Sunday, July 29, 2012

#4 - The harp and I

When I was in elementary school, some of my favorite books to read were The Chronicles of Prydain by Lloyd Alexander.  I wished I might grow up to be Eilonwy - or at least be able to visit the lands of Prydain which were based on old Welsh legends and have some adventures there.  Unfortunately, neither of those wishes came true ... perhaps I will someday visit Wales, but I would be very surprised if my visit included finding long forgotten magic swords or travels with the Fair Folk.  And, somewhere along the line, the plan of becoming a beautiful outspoken princess with red-gold hair and a shaky ability to cast spells was discarded in favor of just being myself.
My much-cherished copies of the Prydain books - given to me by my sister Diana.
However, one part of the stories stuck with me - Fflewddur Fflam's harp.  This was no ordinary harp (of course, Fflewddur was not an ordinary bard - just a king who liked to travel, couldn't pass the bardic knowledge tests, and sometimes stretched the truth); it could virtually play itself and the strings would break if its owner told a lie. 

So, for my 29th birthday, I bought a harp.  Specifically a celtic-type, low head lever harp just like the one in the books (without the magic, of course).   I purchased it from Stoney End in Red Wing, MN, and I'm going to give them a plug here because ALL of my transactions with them have been fantastic - they build the harps onsite and are very patient with beginners with lots of questions.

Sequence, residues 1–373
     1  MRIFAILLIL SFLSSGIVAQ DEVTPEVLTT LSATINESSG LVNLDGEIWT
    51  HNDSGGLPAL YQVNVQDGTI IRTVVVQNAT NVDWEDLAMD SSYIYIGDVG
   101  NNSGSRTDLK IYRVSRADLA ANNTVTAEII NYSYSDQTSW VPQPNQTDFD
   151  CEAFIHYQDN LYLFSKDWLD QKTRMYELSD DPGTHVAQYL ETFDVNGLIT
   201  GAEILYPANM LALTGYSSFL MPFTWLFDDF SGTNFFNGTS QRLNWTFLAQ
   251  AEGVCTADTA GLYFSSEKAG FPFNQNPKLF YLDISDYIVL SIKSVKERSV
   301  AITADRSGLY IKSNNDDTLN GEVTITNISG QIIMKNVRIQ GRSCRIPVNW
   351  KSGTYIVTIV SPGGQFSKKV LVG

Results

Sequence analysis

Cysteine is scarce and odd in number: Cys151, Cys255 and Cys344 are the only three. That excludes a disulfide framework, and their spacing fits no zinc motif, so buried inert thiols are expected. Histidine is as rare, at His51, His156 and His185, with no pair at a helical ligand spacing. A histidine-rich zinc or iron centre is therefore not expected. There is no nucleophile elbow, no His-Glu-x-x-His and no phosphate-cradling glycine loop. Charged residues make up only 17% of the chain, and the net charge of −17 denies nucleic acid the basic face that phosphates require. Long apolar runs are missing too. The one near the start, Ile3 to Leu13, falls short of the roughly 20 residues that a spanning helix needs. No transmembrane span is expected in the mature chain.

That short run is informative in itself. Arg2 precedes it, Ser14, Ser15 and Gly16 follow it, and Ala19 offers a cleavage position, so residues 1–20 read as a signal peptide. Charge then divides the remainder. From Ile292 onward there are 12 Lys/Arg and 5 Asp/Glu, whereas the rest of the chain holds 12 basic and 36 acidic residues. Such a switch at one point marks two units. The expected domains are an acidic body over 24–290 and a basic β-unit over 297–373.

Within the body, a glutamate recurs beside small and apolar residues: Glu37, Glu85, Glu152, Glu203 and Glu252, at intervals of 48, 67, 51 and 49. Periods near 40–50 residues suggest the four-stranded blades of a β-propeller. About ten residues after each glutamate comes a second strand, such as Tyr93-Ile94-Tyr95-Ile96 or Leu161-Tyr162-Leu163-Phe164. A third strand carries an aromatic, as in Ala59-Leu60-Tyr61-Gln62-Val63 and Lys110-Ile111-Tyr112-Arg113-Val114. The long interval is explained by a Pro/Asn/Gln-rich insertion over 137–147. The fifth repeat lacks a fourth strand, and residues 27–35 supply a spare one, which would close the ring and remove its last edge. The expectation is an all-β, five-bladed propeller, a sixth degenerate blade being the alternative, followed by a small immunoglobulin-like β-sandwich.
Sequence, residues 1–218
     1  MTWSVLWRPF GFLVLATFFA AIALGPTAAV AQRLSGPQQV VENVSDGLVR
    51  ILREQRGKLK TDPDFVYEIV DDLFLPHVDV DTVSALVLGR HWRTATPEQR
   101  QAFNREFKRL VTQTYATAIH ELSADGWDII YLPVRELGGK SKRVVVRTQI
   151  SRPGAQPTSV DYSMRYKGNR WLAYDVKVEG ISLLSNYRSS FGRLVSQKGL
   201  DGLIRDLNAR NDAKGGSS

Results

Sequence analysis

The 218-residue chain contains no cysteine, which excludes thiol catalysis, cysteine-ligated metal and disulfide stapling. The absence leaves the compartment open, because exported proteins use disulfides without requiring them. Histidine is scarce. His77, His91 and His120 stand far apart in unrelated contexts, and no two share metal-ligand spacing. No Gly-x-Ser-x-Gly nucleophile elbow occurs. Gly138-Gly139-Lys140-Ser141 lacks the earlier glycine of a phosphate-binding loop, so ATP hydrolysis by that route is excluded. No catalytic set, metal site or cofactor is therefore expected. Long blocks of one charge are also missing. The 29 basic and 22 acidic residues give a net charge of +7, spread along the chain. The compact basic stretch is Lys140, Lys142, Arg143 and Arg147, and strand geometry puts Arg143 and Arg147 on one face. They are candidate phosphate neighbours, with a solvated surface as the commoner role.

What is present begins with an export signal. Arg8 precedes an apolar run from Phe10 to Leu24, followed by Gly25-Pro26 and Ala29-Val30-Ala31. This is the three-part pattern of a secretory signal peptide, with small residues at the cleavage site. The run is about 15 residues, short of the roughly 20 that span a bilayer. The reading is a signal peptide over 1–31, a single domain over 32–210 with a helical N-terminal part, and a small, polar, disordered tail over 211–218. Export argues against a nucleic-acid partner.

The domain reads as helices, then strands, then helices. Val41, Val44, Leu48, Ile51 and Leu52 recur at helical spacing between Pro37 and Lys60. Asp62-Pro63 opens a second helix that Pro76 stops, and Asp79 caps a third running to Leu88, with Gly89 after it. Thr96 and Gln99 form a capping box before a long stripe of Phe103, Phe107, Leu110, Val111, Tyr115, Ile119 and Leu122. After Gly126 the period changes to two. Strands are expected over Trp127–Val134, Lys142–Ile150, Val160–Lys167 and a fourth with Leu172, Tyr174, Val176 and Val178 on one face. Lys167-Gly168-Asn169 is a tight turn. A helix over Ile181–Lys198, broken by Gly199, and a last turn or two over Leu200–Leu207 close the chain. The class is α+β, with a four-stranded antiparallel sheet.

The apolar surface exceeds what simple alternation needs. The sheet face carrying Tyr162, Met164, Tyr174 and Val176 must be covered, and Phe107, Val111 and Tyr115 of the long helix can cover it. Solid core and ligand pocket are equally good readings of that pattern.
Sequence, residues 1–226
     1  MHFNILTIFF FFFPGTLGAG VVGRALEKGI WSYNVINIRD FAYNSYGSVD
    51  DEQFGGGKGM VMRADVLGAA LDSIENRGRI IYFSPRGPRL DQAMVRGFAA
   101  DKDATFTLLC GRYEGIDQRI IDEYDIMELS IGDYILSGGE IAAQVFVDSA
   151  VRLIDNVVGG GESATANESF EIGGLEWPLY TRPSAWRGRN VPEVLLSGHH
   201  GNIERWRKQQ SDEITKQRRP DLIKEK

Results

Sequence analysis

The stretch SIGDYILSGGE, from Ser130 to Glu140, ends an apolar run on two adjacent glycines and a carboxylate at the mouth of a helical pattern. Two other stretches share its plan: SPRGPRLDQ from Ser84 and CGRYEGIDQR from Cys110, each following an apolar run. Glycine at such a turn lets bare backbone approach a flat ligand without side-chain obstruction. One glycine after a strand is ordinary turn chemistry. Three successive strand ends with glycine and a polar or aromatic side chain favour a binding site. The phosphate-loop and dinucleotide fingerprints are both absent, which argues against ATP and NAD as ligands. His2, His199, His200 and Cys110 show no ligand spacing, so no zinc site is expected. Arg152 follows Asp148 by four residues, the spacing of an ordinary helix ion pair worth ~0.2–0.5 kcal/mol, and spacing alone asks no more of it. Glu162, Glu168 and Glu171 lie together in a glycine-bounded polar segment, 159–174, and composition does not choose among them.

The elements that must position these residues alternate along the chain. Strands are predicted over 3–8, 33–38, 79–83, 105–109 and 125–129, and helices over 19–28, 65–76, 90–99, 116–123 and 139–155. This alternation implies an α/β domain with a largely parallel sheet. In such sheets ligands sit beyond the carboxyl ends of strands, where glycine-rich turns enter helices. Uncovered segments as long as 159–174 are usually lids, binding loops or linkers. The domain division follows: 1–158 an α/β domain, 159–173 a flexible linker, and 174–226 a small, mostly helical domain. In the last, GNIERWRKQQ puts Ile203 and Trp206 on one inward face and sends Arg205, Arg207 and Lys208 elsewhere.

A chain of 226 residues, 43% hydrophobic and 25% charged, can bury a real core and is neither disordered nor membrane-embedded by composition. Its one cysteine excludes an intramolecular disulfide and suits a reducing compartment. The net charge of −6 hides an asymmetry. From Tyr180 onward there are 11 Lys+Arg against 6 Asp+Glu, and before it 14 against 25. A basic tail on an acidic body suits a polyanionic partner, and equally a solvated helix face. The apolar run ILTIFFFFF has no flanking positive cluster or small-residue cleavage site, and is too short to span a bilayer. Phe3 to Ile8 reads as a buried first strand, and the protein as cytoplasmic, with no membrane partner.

My harp shortly after I purchased it

When my harp arrived, I had never touched a harp before or even watched one being played for more than a few minutes.  I did have the advantage of being able to read music - I had a couple of years of piano lessons when I was young (wish I would have stuck with them longer), played flute through high school (plus oboe one year when our band director was feeling ambitious and wanted a wider variety of instruments), and have sung in choirs off and on since I was about 5.  I quickly found that harp was my favorite instrument ... the hand position feels very natural to me and, as long as it is tuned, it sounds beautiful even if you hit the wrong string.

I could soon play easy tunes - including ones with both hands.  The problem was finding time to advance past my beginner's level.  Playing for a length of time does require some regular practice or your fingers get sore quickly.  Plus, the old "use it or lose it" maxim definitely applies.  I had hoped that this goal would help me with progressing to more complex songs.  I'm not sure that it did ... I've found that if I'm doing something as an obligation (even a promise to myself), my mindset is different than if I'm just trying to explore/enjoy.  So, playing regularly has paid off with the songs I already did play, but I didn't try very many new ones because my practice sessions have been shorter.  I will be going back to a "playing for fun" schedule as my time permits - I hope though that my practice sessions will be more frequent than they were before I started working on this goal.

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